This is the second in a series of four posts on different approaches to mobile web development. For an overview of what it means to be mobile friendly, check out the previous post.
The first option I’ll discuss is the one that is the most popular by far: use user-agent detection to route users on phones to a separate mobile site, typically at m.example.com. In a nutshell, this technique uses server-side logic to solve all three goals of mobile web development at once – if the user’s browser looks like it’s on a phone, you serve them mobile content, formatted for their phone and optimized for speed.
Conceptually simple, this is the easiest option to add to an existing site, especially if you are using a CMS or Web application that supports templates. Since only the mobile-specific content, styles, and scripts will be sent to mobile users, this method also provides for the best performance out of any of the other options presented here. Finally, it also allows for completely different user experiences on desktop and mobile – they’re two different sites, after all!
Unfortunately, this approach is not without its drawbacks. For starters, you are now maintaining two different pages for every page on your site that you would like to expose to mobile users. If you are using a CMS, is possible to arrange your site templates in a way that minimizes this duplication, but any time that there is a difference between the mobile and desktop templates is a potential source of complication in your code. Similarly, this increases the implementation time of any new site features, since you must now code two sets of front-end logic.
Even more important than that, though, is the fact that user-agent detection is inherently flawed, and anything but future-proof. Every time a new browser comes out you must adjust your algorithm to accommodate it. And false positives are particularly scary – it could be embarrassing to serve desktop users your mobile site accidentally.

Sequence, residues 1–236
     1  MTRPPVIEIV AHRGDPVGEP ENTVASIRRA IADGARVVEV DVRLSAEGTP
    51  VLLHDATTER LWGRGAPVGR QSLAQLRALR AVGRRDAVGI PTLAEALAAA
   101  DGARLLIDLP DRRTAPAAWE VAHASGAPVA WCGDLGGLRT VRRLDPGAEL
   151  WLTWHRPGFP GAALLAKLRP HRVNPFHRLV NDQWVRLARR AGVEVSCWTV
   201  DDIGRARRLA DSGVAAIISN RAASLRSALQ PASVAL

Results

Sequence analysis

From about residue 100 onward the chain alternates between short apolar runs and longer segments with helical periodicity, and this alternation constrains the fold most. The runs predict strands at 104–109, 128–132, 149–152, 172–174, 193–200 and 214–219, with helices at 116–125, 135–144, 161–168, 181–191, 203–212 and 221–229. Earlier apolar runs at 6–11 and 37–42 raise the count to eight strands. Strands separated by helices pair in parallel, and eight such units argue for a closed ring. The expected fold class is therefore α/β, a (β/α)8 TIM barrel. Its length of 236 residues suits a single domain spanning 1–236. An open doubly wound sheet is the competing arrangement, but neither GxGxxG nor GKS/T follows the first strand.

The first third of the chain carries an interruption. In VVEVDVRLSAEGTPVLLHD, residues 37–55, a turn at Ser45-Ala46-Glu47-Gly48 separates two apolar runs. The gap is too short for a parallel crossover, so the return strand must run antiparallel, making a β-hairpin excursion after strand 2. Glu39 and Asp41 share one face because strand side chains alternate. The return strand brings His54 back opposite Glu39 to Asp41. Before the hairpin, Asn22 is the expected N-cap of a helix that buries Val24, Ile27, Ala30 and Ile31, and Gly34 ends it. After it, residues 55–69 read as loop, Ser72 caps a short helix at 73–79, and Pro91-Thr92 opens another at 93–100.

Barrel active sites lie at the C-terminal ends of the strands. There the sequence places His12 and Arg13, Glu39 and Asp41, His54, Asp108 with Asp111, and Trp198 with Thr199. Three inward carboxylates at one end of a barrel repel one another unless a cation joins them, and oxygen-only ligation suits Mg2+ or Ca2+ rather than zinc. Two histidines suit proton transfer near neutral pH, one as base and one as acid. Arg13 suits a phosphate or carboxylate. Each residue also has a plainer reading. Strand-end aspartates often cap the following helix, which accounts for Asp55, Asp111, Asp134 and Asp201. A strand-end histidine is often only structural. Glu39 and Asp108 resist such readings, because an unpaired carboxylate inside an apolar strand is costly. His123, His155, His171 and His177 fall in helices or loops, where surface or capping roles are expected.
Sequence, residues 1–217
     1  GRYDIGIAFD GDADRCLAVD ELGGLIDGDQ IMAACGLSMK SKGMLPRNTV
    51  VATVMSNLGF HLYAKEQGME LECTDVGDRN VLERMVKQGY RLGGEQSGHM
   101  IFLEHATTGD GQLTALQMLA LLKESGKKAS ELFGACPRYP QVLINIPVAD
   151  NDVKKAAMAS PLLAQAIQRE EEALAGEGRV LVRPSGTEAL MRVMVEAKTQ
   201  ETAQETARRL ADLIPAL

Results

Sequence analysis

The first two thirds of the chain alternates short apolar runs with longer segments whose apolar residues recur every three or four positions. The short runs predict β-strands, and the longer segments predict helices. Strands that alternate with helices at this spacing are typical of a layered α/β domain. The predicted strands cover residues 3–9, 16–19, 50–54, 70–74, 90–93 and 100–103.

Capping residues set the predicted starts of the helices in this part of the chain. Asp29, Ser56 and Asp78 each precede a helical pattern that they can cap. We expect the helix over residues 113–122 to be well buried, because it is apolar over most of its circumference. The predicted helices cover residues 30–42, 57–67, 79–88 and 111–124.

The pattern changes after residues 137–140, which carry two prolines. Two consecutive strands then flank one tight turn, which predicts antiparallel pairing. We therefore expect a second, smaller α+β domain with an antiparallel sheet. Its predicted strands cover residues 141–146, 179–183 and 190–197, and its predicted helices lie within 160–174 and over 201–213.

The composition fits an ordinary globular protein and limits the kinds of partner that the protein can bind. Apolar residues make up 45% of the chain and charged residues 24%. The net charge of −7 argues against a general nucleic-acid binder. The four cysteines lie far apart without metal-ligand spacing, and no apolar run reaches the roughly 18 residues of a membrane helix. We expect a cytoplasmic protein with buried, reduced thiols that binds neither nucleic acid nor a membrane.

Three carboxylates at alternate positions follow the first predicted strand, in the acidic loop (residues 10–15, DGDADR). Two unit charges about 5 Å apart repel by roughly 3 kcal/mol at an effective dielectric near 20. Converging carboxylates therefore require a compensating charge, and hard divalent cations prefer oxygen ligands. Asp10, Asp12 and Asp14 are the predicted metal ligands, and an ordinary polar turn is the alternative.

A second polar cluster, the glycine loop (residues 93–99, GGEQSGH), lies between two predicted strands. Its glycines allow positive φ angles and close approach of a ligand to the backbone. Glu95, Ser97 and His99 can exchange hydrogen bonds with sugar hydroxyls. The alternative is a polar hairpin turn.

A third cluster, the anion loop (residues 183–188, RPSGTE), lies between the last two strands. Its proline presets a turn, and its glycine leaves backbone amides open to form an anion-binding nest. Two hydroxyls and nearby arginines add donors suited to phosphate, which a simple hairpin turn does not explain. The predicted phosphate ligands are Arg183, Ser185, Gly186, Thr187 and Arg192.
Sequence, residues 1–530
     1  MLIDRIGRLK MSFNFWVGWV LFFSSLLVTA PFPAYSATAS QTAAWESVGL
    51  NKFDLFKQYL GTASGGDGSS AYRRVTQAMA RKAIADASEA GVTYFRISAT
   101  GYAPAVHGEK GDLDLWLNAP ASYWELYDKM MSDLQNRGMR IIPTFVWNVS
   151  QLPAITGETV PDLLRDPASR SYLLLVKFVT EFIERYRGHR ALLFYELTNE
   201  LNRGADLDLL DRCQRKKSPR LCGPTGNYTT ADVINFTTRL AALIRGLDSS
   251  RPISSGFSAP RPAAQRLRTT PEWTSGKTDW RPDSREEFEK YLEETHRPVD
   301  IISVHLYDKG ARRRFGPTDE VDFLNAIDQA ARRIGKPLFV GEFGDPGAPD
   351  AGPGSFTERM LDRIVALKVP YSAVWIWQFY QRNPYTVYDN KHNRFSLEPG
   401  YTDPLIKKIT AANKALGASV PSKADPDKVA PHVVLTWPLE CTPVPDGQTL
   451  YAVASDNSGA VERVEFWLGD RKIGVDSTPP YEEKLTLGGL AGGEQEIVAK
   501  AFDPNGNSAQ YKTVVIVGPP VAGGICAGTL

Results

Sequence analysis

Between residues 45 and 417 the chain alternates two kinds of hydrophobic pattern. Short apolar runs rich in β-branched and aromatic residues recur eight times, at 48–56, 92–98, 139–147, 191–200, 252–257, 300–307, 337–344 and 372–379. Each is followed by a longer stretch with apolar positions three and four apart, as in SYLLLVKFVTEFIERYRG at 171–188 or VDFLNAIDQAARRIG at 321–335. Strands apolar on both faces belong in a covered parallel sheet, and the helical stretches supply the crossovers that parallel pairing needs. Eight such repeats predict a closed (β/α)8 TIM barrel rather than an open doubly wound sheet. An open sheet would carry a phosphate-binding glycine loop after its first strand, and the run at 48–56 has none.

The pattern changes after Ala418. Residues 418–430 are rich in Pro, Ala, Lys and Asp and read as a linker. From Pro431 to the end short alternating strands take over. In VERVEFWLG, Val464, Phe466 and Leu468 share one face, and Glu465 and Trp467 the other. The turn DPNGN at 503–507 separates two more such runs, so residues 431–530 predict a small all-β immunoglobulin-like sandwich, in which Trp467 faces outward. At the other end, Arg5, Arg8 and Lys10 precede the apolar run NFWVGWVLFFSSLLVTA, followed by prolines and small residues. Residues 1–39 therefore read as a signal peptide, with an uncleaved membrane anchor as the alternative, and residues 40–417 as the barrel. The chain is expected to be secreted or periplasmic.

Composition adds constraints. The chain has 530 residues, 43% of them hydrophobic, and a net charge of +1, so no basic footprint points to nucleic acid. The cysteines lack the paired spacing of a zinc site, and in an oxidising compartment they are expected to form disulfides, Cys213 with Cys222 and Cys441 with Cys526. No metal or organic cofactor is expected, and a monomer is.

When it is Right to Choose This Option
Firstly, if your target audience includes users on older or low-end feature phones it is worth noting that you may need to employ this strategy to some degree no matter what. This is because the default browsers on some feature-phones do not support consumption of the same markup you would code a website targeted at desktop with, but instead understand formats like XHTML-MP or the older WML.
Another case where you may be forced to use this approach is if you cannot, for whatever reason, modify your existing desktop site, and need to have a 100% separate mobile site. Though it’s not ideal, at least you have this option.
Most of the major web apps you see in the wild have chosen this path, including Facebook, YouTube, Digg, and Flickr. In fact, we picked this strategy for the mobile versions of addons.mozilla.org (AMO) and support.mozilla.org (SUMO). If you’d like to see the source code behind an example of this approach in action, feel free to check out the github repository for AMO or SUMO.
If you’re unhappy with the drawbacks of the Separate Sites technique, stay tuned for next week, and we’ll take a look at one alternative – Responsive Design.
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